For three years, Wael Arabeed did not do a day's work. He delved deep into his life savings, accrued over 25 years of working on construction projects in Saudi Arabia, Syria and Egypt, to feed his family. He sold his car. He began to believe his working life was over.
But now the construction engineer has more work than he can handle. Tossing yet another tender request on to his desk, he says: "I have so many offers, I can't even look at them. I'm too busy."
Arabeed is the beneficiary of an extraordinary economic spurt in Gaza – not just in construction, but also agriculture, the hotel and restaurant industry, transport and manufacturing. All sectors have seen growth over the past year, with private sector employment increasing by more than 50%, albeit from a very low base, according to the United Nations refugee agency, Unrwa.
But it is in the construction industry that the mini-boom is most visible. After being starved of materials during Israel's three-year blockade of the Gaza Strip, the territory is cluttered with the skeletons of new buildings. Apartment blocks, hospitals, schools, hotels and mosques are sprouting all over Gaza. The rutted beachfront road in Gaza City is being transformed into a corniche.
Despite easing the blockade in 2010, Israel has maintained a ban on the import of construction materials on the grounds that they could be used to make rockets or build weapons stores or bunkers. It only allows in materials for designated UN projects, such as schools.
But illegally imported aggregate, concrete and steel is pouring through the tunnels between Rafah, in the far south of Gaza, and Egypt. During the blockade, the tunnels kept Gaza supplied with everything from chocolate to cigarettes, fridge freezers to cars, medicines to live animals. Now the black market entrepreneurs are concentrating on demand for construction materials.
In September, 9,100 tons of aggregate was legally imported into Gaza through the Israeli-controlled Kerem Shalom crossing, according to Unrwa. Almost 10 times that quantity, around 90,000 tons, came through the tunnels. Figures for steel bars show a similar pattern: 1,418 tons through Kerem Shalom; 15,000 tons through the tunnels.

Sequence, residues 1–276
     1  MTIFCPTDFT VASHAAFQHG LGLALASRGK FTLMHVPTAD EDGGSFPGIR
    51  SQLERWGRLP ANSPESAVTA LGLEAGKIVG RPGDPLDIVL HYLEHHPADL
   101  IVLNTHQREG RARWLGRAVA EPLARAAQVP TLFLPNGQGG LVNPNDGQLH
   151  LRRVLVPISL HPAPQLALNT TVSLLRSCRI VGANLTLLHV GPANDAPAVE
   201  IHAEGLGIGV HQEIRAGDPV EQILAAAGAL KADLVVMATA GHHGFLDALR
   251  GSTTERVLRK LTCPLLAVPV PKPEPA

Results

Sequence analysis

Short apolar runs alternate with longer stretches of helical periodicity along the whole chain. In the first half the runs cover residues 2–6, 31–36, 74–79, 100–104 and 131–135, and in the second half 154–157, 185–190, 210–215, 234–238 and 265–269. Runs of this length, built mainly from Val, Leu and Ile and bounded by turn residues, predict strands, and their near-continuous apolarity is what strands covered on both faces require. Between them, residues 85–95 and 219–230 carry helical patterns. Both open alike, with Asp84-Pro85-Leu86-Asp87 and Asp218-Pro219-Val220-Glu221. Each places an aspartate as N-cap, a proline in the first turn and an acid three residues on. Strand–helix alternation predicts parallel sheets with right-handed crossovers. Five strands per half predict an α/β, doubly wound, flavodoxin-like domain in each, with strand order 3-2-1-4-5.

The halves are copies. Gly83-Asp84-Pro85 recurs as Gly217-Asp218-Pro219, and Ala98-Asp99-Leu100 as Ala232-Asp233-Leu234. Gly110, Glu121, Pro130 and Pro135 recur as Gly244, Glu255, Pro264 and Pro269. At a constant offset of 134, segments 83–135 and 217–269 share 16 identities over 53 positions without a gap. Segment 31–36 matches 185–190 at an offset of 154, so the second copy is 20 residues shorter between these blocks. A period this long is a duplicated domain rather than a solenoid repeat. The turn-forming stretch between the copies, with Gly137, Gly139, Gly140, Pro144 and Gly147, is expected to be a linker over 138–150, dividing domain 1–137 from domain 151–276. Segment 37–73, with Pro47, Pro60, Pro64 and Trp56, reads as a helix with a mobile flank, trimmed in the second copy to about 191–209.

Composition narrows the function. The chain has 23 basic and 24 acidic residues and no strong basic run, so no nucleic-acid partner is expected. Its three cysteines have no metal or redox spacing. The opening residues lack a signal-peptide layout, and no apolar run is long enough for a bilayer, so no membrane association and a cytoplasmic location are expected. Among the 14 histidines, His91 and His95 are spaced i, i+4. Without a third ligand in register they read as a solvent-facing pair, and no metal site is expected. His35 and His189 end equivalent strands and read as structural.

Anas Najjar, shovelling aggregate hoisted from the 15m-deep, 300m-long tunnel in which he works, said the price of construction materials had more than halved as the market had become flooded – good news for the construction firms; bad news for the tunnel owners.
A ton of aggregate now fetched 95 shekels (£16) compared with 200 shekels six months ago, he said. "There are around 300 tunnels now bringing in cement, rubble and steel."
Nine men were working in his tunnel in three shifts, 24 hours a day, six days a week, bringing out 60 tons of aggregate a day, he said as trucks rumbled over the sandy expanse next to the Egyptian border, guarded by Hamas security men, collecting materials for delivery to building sites all over Gaza.
At Teba, site of the former Israeli settlement of Netzarim which was evacuated in 2005, Arabeed was supervising 25 men building classrooms for medical students at a hospital also under construction. The $35m hospital was being funded by Turkey; the $2m classrooms from Gulf donors.
"The industry is very active, for two reasons," he said. "The availability of construction materials and huge demand after the siege." Many buildings were destroyed during Israel's war with Gaza three years ago.
Materials for his project were all being supplied through the tunnels, he said. He confirmed that prices had fallen in recent months, but said they were still about 60% higher than pre-blockade levels. His main headache was the dire shortage of skilled labour: "All the construction workers are hired, but we need twice the number. We are facing a crisis in finding the right skills."
Anywhere else, skilled workers could be imported from abroad – Polish plasterers in London, Indian brickies in Dubai. But in Gaza that was impossible. The shortages had caused an explosion in wages: "There has been a 40% increase in the past six months. A skilled man can now make 120 shekels [£20] a day. That's a very good wage in Gaza."
According to Unrwa, the average daily wage in all sectors rose by 7.4% in the first six months of 2011, compared with the same period the year before. The effect of the upturn in Gaza's economy is palpable. The atmosphere is less tense and edgy than a year or two ago, helped by the relaxation of the border with Egypt, allowing Gazans to leave – and return – more easily.
But the buoyancy is not shared by everyone. Unemployment in Gaza has fallen, but one in three of the potential job market is still without work and poverty is widespread in the teeming refugee camps.
"Despite significant gains, unemployment in Gaza, as well as poverty, remains among the most severe in the world," said Salem Ajluni, an economist who compiled a report on Gaza's labour market for Unrwa.
And the mini-boom is unlikely to be sustainable. Israel still bans almost all exports, apart from a few truckloads of strawberries and flowers. Industries such as textiles and furniture, once mainstays of the Gazan economy, struggle to recover without the possibility of trade beyond the territory.
Exports stand at around 3% of their levels before the blockade, said Ajluni, adding: "Ultimately it is export capacity that will sustain growth over the long term."